It bears repeating. Mr. Market is not paying attention to today’s economic headlines. He’s focusing on what the news might be in 12 to 18 months. The corporations you’re investing in aren’t reading the headlines either. They’re too busy trying to move their businesses ahead.


A good time to invest

For an investor with a multi-decade time frame, anytime is a good time. Some points in time, however, will be more prospective than others. These are periods when returns are projected to be higher based on fundamentals like rising profitability, low valuations and/or extremely negative investor sentiment. To be clear, these factors won’t tell you what’s about to happen, but will provide a tailwind over the next three to five years.


Not much downside

When you own a stock, the range of possible outcomes is always wider than you expect. It’s hard to conceive of a holding going down 20, 30 or 40 per cent, especially when things are going well. Unfortunately, recent price moves have no predictive value, they just provide false comfort.

The future for a stock that has recently done well is just as uncertain as one that hasn’t. Indeed, it may be riskier because its price-to-earnings multiple is higher (if profits haven’t kept up with the stock price), its dividend yield is lower and shareholders’ risk aversion, a necessary ingredient for good returns, has melted into complacency.


The higher the better

We all love dividends, but too many investors choose stocks based solely on yield. This is a problem because yield is not a measure of value for a stock like it is for a bond. A company’s worth is derived from it’s potential to earn profits into the future. Dividends are simply the portion of those earnings that get distributed to shareholders.

Yield-obsessed investors often downplay the importance of the stocks’ second source of return — price appreciation. Ask yourself the question: What would you rather have, a $10 stock yielding five per cent that’s worth $8, or a $10 stock with a three per cent yield that’s worth $12?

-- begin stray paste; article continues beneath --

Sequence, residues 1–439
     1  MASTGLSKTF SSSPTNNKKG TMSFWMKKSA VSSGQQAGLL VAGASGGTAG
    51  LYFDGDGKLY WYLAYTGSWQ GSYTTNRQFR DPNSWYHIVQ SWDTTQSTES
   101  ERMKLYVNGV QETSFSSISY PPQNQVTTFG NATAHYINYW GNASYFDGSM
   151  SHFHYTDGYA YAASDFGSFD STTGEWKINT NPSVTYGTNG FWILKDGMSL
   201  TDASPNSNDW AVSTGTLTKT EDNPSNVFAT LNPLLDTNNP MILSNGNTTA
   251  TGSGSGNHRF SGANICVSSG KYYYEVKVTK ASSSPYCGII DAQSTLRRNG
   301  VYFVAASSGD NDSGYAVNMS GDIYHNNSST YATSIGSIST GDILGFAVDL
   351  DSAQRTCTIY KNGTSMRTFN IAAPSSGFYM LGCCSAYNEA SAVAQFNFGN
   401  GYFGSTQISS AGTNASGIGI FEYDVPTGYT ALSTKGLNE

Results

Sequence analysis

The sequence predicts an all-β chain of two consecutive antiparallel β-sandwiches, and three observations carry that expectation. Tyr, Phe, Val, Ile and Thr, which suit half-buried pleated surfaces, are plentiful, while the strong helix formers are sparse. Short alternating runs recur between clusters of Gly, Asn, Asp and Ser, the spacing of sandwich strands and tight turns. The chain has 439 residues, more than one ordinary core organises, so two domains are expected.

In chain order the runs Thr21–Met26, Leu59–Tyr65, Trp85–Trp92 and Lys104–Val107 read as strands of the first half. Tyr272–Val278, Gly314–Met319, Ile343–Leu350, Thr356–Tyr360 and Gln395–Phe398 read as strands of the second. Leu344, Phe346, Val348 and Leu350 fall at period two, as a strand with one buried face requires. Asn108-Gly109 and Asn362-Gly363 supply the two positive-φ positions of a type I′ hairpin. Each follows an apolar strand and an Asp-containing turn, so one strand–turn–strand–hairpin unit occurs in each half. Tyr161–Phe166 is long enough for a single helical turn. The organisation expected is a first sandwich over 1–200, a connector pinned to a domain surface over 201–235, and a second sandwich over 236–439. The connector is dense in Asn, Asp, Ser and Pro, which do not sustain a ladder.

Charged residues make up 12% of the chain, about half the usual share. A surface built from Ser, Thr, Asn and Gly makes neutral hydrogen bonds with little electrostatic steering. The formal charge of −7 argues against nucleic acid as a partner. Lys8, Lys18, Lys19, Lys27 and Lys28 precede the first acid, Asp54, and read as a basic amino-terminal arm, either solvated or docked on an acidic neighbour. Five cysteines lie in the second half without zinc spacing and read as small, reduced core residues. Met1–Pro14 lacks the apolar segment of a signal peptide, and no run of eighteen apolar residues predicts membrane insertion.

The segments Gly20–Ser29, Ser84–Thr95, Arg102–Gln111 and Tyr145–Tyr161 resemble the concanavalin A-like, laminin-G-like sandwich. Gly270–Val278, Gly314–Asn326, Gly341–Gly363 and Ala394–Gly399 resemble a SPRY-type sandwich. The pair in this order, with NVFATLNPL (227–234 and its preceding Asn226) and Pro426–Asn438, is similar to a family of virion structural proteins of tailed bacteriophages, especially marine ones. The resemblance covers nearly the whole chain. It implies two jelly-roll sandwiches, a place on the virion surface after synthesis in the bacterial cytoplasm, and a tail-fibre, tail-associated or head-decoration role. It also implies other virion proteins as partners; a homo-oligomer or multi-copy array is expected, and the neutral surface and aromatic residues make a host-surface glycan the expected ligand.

If you want to focus on dividend income, start with a list of stocks that have an acceptable yield. From there build a diversified portfolio of holdings that are trading at or below what they’re worth.


In your RRSP?

When asked, “What should I do in my RRSP (or TFSA),” I have only one answer. The most important thing driving your RRSP strategy is the strategy you’re pursuing for your overall portfolio (including other registered accounts, taxable accounts, pensions and income properties). Anything you do in your RRSP has to roll up into your household asset mix. In that vein, RRSP contributions are a wonderful tool for adjusting your overall portfolio because transactions have no tax consequences.

Investing is hard enough without basing decisions on false premises. If you find yourself listening to someone pontificate about where the market is going, try to change the subject or look for an escape.


Tom Bradley is


chair and chief investment officer


at Steadyhand Investment Funds, a company that offers individual investors low-fee investment funds and clear-cut advice. He can be reached at

tbradley@steadyhand.com

.

Copyright Postmedia Network Inc., 2020

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Apollo Hit Again as Aksia Tells Clients to Delay Investment – BNN

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(Bloomberg) — Apollo Global Management Inc. is coming under increasing pressure as more institutional investors hold off committing fresh capital to the Wall Street giant.